Obviously, the basic concern was to show the US that the Manmohan Government did not balk under left pressure; that it had the guts to go ahead with the most controversial international pact even in the face of massive popular dissent and even without enjoying a majority in Parliament, i.e., without a mandate to rule. This was deemed necessary to upgrade India's credibility in the eyes of America. As for the US insistence on getting the deal done at the earliest, it flows from a combination of several factors. One is to try and add an item to the republican government’s empty success card. Another is to pump up U.S. reactor sales -- the industry has been running without any new orders for more than 30 years. But the most important reason lies in US geopolitical strategy. There is no denying that the deal makes an exception of India, granting it a more lenient regime of inspections of its nuclear power facilities by the IAEA than is normal. The basic motive in this case is to make India into Washington’s most trusted regional pawn in South Asia. As Barack Obama's declared support to the deal indicates, the US establishment is broadly behind Bush on the last two questions.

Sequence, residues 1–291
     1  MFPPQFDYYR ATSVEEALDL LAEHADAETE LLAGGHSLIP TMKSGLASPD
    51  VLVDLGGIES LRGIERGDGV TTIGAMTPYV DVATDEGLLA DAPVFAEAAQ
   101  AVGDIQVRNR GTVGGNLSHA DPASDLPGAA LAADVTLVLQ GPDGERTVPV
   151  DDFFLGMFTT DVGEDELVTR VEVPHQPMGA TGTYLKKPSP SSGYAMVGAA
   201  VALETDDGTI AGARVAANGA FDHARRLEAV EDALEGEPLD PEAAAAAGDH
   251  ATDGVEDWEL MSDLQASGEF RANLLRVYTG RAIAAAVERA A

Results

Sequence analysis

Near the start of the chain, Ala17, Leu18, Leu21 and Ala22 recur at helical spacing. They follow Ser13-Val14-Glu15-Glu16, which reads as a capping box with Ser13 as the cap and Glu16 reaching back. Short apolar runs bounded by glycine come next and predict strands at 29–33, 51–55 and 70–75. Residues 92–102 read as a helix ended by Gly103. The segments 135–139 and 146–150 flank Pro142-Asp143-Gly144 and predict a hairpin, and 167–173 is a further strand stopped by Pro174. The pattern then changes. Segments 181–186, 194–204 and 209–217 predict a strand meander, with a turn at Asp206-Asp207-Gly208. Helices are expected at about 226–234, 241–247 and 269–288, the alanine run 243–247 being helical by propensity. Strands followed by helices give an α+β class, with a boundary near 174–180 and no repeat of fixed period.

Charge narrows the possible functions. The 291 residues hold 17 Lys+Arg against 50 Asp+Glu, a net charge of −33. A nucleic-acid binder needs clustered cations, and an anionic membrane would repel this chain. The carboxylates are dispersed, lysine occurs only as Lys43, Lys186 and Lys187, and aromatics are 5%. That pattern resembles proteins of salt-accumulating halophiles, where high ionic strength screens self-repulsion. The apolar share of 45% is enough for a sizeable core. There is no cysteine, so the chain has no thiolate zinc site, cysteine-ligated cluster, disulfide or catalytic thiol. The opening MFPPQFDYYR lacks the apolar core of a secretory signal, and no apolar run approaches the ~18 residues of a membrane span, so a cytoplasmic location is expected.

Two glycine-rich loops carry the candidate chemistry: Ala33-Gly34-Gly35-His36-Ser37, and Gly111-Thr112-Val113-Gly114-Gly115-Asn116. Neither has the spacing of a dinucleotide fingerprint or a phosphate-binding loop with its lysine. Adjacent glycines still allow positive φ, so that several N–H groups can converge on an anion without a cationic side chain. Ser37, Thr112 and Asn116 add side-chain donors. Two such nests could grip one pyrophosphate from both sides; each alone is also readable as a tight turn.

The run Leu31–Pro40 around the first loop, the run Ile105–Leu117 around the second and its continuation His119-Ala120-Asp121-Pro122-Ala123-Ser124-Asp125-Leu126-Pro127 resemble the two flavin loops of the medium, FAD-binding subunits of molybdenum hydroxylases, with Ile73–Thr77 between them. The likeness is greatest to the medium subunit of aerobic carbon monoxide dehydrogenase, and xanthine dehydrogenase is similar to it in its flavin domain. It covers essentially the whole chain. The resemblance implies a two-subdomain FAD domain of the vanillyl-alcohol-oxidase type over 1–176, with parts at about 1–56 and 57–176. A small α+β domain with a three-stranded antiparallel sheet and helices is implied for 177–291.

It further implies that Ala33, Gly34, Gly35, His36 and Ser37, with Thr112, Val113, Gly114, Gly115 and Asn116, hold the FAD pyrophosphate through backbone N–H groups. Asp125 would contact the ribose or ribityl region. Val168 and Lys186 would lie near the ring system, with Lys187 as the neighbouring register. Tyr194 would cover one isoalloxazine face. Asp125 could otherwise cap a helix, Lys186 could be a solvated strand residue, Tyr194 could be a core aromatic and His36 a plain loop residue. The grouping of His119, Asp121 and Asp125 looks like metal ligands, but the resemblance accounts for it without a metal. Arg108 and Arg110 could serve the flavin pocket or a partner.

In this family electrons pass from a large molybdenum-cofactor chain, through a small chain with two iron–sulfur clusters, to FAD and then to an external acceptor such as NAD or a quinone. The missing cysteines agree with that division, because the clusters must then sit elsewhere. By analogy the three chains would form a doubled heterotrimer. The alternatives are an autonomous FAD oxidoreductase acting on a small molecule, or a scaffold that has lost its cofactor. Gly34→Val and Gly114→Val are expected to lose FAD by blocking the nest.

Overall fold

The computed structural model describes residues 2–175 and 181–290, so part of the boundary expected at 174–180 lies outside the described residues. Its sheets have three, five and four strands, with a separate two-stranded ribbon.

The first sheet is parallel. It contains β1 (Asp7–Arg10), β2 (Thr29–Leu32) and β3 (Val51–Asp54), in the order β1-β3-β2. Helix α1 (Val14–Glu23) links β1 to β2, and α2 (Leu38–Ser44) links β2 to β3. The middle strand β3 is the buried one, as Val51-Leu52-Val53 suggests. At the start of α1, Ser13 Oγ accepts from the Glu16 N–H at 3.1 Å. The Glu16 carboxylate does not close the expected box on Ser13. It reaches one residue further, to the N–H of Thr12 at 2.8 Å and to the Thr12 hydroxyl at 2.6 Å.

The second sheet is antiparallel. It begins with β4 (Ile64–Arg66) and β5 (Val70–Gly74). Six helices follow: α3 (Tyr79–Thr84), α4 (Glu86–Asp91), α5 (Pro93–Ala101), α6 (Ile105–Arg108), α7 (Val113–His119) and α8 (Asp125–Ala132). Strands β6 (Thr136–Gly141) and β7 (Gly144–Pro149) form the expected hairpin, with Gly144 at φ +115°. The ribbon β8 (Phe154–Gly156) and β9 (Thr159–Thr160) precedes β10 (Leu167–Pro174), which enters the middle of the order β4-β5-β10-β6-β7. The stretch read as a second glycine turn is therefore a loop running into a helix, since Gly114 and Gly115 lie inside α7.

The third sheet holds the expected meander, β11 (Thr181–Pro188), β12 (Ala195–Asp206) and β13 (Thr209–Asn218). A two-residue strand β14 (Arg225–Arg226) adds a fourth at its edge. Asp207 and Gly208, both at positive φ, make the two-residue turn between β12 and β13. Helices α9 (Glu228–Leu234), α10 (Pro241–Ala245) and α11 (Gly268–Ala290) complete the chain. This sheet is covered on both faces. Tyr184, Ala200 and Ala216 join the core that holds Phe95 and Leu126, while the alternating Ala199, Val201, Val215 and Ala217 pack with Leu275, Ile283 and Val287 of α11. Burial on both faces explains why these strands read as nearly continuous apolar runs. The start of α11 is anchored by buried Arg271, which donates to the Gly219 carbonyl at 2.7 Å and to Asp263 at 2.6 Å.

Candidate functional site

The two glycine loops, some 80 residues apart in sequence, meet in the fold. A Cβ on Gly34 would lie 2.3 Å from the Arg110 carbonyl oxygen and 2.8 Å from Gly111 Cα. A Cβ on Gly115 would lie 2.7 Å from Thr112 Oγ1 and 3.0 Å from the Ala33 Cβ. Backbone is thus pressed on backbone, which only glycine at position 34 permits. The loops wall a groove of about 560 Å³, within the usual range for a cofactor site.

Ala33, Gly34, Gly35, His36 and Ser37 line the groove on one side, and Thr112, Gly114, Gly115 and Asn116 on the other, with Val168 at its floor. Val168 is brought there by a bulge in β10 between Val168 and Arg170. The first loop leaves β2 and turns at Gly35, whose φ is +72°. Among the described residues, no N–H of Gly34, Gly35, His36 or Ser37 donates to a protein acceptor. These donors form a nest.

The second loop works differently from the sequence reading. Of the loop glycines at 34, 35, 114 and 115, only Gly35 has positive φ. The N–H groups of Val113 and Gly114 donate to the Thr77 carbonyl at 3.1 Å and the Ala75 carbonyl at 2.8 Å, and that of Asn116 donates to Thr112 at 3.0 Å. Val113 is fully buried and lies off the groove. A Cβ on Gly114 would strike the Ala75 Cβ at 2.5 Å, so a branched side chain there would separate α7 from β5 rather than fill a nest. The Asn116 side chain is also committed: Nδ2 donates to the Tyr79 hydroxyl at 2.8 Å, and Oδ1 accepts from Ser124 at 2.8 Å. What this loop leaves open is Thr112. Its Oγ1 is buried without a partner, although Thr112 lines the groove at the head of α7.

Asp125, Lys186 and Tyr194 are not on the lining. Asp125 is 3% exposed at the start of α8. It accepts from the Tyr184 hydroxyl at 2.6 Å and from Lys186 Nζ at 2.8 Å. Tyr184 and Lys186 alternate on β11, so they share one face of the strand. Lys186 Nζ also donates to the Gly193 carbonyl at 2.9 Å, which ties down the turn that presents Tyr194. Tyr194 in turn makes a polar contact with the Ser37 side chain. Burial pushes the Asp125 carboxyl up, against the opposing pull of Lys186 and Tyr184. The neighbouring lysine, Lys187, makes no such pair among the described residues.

The meeting point between New Delhi and Washington came out in bold relief in a joint press conference at Hokkaido, Japan, held just after the Indian Prime Minister informed the US president about his decision to go ahead and operationalise the deal.